We Will Do All To Support Local Producers, Manufacturers – Osinbajo

We Will Do All To Support Local Producers, Manufacturers – Osinbajo The Vice President of Nigeria, Professor Yemi Osibanjo, has again said that the quest for development of local capacity is a panacea for rapid economic growth.

He made this assertion during the Southeast maiden edition of Nationwide Micro Small and Medium Enterprise Clinic held at Aba, after the media launch in Abuja on Tuesday.

Using as an analogy, the story President Muhammadu Buhari once told him about the importance of taking care of people “who do the things that make us comfortable”, the Vice President observed “it is important to pay attention to MSMES”.

“We will spend time to ensure that we give those who produce locally all the support that we can give, and that is why we are doing this clinics,” he said.

The Vice President went round the stands of all the agencies at the Aba MSMES Clinic and also those of several businesses and local manufacturers, all of whom were obviously elated at the Federal Government’s gesture to re-orient the relationship between them and the agencies.

He said that “you can’t do much for manufacturing without coming to Aba,” and adding that Aba traders, artisans, tailors, shoemakers and others “are the bedrock of our economy.”

According to him, the Nigerian government agenda is to create sustainable platform through its relevant agencies that would ensure that businesses in the country that produce locally made goods are given adequate support and wider spectrum to grow.

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Vice President Yemi Osinbajo examining some footwears made in Aba

He urged the relevant government agencies to see themselves as facilitators of the businesses and remove bottlenecks that are often reported when enterprises have something to do with the agencies.

Commenting at the Clinic, the Abia State Governor, Dr. Okpezie Ikpeazu, who accompanied the Vice President said “with the visit of the Acting President to Abia today, the story of Aba traders will change. The visit of the Acting President is a testimony that something new is happening here.”

Professor Osinbajo who has since returned to Abuja, was also accompanied by the Industry, Trade and Investment Minister, Dr. Okey Enelamah, among several other senior government officials.

The Office of the Special Adviser on Economic Matters in the Presidency devised the idea of a Clinic to bridge the gap between medium and small scale businesses and government agencies such as Corporate Affairs Commission, CAC; Standards Organisation of Nigeria, SON; National Agency for Food & Drug Administration and Control, NAFDAC; Bank of Industry, BOI; Federal Inland Revenue Services, FIRS; Nigerian Export Promotion Council, NEPC; and others.

The Clinic is meant to bring together all those agencies in one spot and at appointed times across the country to attend to the needs, questions and requests of people doing business.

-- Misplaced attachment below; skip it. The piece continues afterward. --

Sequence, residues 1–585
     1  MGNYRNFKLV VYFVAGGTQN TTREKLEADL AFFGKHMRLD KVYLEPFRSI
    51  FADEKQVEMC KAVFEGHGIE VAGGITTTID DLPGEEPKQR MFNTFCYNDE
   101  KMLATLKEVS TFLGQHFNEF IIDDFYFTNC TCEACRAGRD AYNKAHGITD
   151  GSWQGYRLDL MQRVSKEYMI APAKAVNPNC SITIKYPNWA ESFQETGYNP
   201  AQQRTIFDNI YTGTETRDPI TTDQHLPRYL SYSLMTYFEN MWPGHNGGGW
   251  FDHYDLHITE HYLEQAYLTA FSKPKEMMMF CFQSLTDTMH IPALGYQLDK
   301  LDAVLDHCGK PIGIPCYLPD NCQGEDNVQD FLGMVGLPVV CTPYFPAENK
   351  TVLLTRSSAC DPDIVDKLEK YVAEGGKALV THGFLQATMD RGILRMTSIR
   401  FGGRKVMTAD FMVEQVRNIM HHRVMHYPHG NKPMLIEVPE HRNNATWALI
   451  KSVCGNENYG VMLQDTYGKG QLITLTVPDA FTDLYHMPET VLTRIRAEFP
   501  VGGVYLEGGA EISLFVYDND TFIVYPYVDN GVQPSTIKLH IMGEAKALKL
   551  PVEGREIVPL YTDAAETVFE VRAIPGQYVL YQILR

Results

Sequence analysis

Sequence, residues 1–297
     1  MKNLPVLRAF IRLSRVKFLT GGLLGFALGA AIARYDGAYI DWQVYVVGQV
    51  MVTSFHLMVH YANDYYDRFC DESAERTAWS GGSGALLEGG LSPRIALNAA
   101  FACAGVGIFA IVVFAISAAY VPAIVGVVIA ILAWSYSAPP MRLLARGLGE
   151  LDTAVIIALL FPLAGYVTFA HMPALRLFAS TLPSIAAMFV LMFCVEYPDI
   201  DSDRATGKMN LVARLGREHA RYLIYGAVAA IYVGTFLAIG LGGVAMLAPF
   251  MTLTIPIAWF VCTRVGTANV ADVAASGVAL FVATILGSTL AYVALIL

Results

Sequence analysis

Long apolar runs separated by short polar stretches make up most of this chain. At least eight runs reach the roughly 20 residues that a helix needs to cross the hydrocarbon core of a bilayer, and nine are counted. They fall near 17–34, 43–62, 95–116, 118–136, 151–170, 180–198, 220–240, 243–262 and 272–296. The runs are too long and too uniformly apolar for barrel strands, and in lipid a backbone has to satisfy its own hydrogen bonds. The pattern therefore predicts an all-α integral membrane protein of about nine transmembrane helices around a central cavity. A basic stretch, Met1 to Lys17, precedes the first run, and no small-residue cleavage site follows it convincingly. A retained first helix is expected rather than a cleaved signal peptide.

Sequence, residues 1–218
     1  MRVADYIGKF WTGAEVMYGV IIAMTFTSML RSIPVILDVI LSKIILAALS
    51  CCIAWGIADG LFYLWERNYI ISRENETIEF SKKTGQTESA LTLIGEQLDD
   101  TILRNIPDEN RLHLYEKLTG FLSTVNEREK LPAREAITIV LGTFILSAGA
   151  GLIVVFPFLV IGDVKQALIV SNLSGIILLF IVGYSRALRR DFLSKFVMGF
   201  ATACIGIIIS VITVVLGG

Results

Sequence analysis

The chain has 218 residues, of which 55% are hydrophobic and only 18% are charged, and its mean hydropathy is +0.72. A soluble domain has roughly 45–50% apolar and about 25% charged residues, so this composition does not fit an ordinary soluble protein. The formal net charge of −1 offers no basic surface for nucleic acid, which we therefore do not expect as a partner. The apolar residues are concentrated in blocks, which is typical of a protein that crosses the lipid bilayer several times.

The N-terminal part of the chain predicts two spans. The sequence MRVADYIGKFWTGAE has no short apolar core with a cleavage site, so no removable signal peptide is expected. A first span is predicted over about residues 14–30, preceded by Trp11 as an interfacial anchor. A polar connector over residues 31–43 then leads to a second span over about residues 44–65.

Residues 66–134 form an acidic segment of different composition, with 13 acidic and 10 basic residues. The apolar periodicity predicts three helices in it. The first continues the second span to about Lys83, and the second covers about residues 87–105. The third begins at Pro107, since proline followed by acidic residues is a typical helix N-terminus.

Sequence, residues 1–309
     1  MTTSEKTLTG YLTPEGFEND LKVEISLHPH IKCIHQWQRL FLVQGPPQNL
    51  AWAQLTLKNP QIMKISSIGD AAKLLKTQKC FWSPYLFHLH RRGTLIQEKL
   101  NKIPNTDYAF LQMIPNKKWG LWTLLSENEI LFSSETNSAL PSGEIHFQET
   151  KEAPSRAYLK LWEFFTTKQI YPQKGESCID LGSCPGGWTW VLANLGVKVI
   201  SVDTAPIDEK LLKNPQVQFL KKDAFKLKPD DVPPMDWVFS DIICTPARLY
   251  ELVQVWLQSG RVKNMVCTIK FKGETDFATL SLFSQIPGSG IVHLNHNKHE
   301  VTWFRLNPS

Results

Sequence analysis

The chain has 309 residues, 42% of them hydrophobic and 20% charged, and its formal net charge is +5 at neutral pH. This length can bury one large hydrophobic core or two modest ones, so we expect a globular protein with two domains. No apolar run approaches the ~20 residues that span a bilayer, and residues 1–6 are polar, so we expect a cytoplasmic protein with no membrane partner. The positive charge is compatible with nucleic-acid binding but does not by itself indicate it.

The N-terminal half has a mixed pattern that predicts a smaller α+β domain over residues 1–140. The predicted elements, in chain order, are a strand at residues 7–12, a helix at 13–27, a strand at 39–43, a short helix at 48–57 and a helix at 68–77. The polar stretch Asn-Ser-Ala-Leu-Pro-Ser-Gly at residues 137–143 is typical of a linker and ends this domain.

Another Eight Die In Bangladesh Factory Fire

Eight people were killed when a fire swept through a clothing factory in Bangladesh, police and an industry association official said on Thursday, as the death toll from the collapse of another factory building two weeks ago climbed above 900.

The fire, in an industrial district of Dhaka, comes amid global attention on safety standards in Bangladesh’s booming garment industry following the catastrophic collapse of Rana Plaza, on the outskirts of the city, in the world’s deadliest industrial accident since the Bhopal disaster in India in 1984.

“It is not clear to us how the accident happened, but we are trying to find out the cause,” Mohammad Atiqul Islam, president of the Bangladesh Garment Manufacturers and Exporters Association (BGMEA), told Reuters.

On Wednesday the Bangladesh government said it had shut down 18 garment factories for safety reasons following the April 24 collapse of Rana Plaza, which housed five garment factories making clothes for Western brands. Six were cleared to re-open on Thursday after inspectors issued safety certificates.

Salvage teams were still pulling bodies from the rubble of the Rana Plaza complex in Savar, around 20 miles northwest of Dhaka, and on Thursday a spokesman at the army control room coordinating the operation said the number of people confirmed to have been killed had reached 912.

Roughly 2,500 people were rescued from the building, including many injured, but there is no official estimate of the numbers still missing.

The government has blamed the owners and builders of the eight-storey complex for using shoddy building materials, including substandard rods, bricks and cement, and not obtaining the necessary clearances.

Bangladesh’s garment industry, which accounts for 80 percent of the poor South Asian country’s exports, has seen a series of deadly accidents, including a fire in November that killed 112 people.

The latest fire, in an 11-storey building in the Mirpur industrial district, broke out at a factory belonging to the Tung Hai Group, a large garment exporter.

“The factory was closed and all the workers had left the premises an hour earlier,” said fire service official Bhazan Sarker.

A fire service official and BGMEA president Islam said the Bangladeshi managing director of the company and a senior police officer were among the dead. The others killed were friends and personal staff of the factory boss, officials said.

Tung Hai Group says on its website that it has more than 1,000 employees and its customers include major Western retailers including Britain’s Primark, and Inditex Group of Spain. It makes products including cardigans, jumpers and pyjamas.